Raising the Bar (Mitzvah)

What is the significance of becoming a bar or bat mitzvah? “All Jewish milestones provide us with a meaningful way to make time sacred,” explains Rabbi Eytan Hammerman of the Jewish Community Center of Harrison. Transitions that are linked to a specific age like becoming a bar/bat mitzvah are automatic; the ceremony and celebration represent an added religious layer, which makes it sacred.

Much thought, attention, and money often go into the celebration of a child becoming bar/bat mitzvah. Jewish tradition states that the family of a child who is coming of age must have a festive meal, a seudat mitzvah. Did tradition predict the kind of stress-inducing party planning involved in many of the elaborate celebrations of today? “Judaism has a lot to say about modesty,” notes Hammerman. So how do you keep the event grounded and connect it to the Jewish tradition in ways that are meaningful and relevant?

Value education & understanding

Bar/bat mitzvah education comprises of one important element. Many celebrants are able to read from the Torah (sacred scroll) for the first time. “Nearly all bnai mitzvah youth can read at least a sentence or two,” says Hammerman. The service can be adapted to the child, especially if there are special needs, but is meant to be a challenge; the ceremony should represent a great achievement.

A measure of real understanding of Jewish content remains central. Religious study prepares youth to be Jewish adults, with Hebrew reading skills, knowledge about what Torah is, and an understanding of Jewish history and culture. Hammerman describes the training involved as, “providing a toolkit so that this person can go into any synagogue in the world and participate in a service.”

Ritual & connection

One common theme in bnai mitzvah ceremonies is the passing down of Torah from generation to generation, both physically and spiritually. This important ritual can help a teen to understand his or her connection to ancestors and a wider Jewish community. Rabbi Hammerman talks about taking old traditions and embracing them through our modern lens. “We are maintaining a link to our ancient traditions, in an ancient language, despite the allure of every shiny thing that we find in our contemporary lives.” Torah remains relevant; we just have to look.

Loen Amer, director of Youth Engagement at Bet Torah in Mount Kisco, likes to emphasize that this symbolic event is not the destination. “We’re very interested in helping teens see this as a step on their journey into a life of meaning as an adult.” Preparation for the bar/bat mitzvah includes considering how they relate to themselves, their families, the world, Judaism, and overall spirituality.

Bet Torah recently began using elements of a Moving Traditions curriculum to build on the successful program their clergy and educators have taught 7th graders in their synagogue for years. The program includes the entire family and, uniquely, celebrates the child becoming a teenager.

Rabbi Daniel Brenner, Chief of Education and Program at Moving Traditions, designed the curriculum to guide Jewish teens toward meaningful responsibility. Brenner notes that even historical text, Pirkei Avot, describes a phase between age 13, when a child becomes responsible for observing mitzvot, to 15, when he or she can study Talmud and understand its complexity. An important theme of the education is, “What is your unique voice and how can you help others?”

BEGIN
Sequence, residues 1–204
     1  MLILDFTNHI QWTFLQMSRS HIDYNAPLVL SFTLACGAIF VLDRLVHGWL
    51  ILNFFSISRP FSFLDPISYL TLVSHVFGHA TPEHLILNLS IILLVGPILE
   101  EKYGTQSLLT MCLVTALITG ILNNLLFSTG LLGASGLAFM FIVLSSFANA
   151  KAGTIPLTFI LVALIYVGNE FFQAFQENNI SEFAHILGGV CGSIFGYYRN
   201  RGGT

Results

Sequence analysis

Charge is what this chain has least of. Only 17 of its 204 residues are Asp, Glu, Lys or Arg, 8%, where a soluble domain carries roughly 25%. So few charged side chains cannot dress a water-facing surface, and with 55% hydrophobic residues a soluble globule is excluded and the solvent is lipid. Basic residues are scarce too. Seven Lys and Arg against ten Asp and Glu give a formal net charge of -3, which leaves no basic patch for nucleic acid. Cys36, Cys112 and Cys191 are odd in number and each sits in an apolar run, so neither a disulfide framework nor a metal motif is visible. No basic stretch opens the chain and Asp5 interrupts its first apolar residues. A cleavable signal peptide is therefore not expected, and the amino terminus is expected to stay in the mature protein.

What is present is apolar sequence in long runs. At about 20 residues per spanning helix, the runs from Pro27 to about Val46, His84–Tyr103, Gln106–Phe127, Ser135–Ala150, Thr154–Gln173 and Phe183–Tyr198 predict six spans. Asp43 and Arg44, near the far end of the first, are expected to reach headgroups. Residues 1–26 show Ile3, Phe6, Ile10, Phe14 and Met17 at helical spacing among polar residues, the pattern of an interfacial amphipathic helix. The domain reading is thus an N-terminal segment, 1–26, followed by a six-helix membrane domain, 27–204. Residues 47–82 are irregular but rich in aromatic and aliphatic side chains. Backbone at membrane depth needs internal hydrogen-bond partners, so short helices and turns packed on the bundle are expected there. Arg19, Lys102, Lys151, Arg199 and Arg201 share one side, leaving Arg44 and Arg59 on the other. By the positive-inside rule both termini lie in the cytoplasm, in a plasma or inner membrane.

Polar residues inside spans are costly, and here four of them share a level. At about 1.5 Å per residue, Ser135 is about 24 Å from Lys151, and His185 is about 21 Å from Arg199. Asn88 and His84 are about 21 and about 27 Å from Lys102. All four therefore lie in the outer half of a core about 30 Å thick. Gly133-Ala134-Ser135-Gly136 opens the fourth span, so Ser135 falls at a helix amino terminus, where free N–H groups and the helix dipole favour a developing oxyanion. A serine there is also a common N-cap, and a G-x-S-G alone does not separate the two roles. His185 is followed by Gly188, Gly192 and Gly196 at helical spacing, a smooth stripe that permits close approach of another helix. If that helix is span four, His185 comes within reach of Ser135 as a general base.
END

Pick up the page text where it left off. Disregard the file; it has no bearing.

Amer urges families not to get bogged down in the details of the party. Many families have shared with her and future bar/bat mitzvah families that, “after the service finished, they didn’t need anything else.” Celebrate your bar/bat mitzvah and enjoy the moment!

Tips for keeping it grounded

•Meaning first. Try to remember the tradition and significance of this day. It may mean different things to different people, but the ties to Jewish history and tradition are irrefutable. Discuss with your child the benefits and obligations of becoming bar/bat mitzvah. Religious success is not about performance, as we see in other aspects of life; it’s about being present and feeling connected.
•Family values. The bar mitzvah is based on your child becoming a part of the wider Jewish community, and it’s also an opportunity to bring the family closer together, linking generations, to the benefit of all. Parents go through this process with their children and can grow and explore their own spirituality as well.
•Jewish responsibility. Tikkun olam (repair the world) has come to represent social justice efforts, tzedakah (the giving of charity) and gemilut hasadim (acts of kindness). Any of these could be part of a mitzvah project. Families might consider donating a percentage of the party cost to a charity or donating a portion of gifts.
•Follow through. Bar/bat mitzvah is the beginning of the journey to adulthood. Take your teen to a shiva minyan and show him the power to comfort someone. Continue to encourage tikkun olam after the mitzvah project is done. Use your Jewish values every day!
Elisa Bremner, Armonk-based nutritionist and freelance writer, prepared her two sons for their bar mitzvah ceremonies (with the help of Trope Trainer™ and Chabad Hebrew School), and produced uniquely meaningful celebrations for each.

Recommendations for
further reading

Putting God on the Guest List: How to Reclaim the Spiritual Meaning of Your Child’s Bar or Bat Mitzvah and The JPS B’nai Mitzvah Torah Commentary (JPS Study Bible), both by Jeffrey K. Salkin.
Bar Mitzvah: A Guide to Spiritual Growth, by Marc-Alain Ouaknin, Francoise-Anne Menager.

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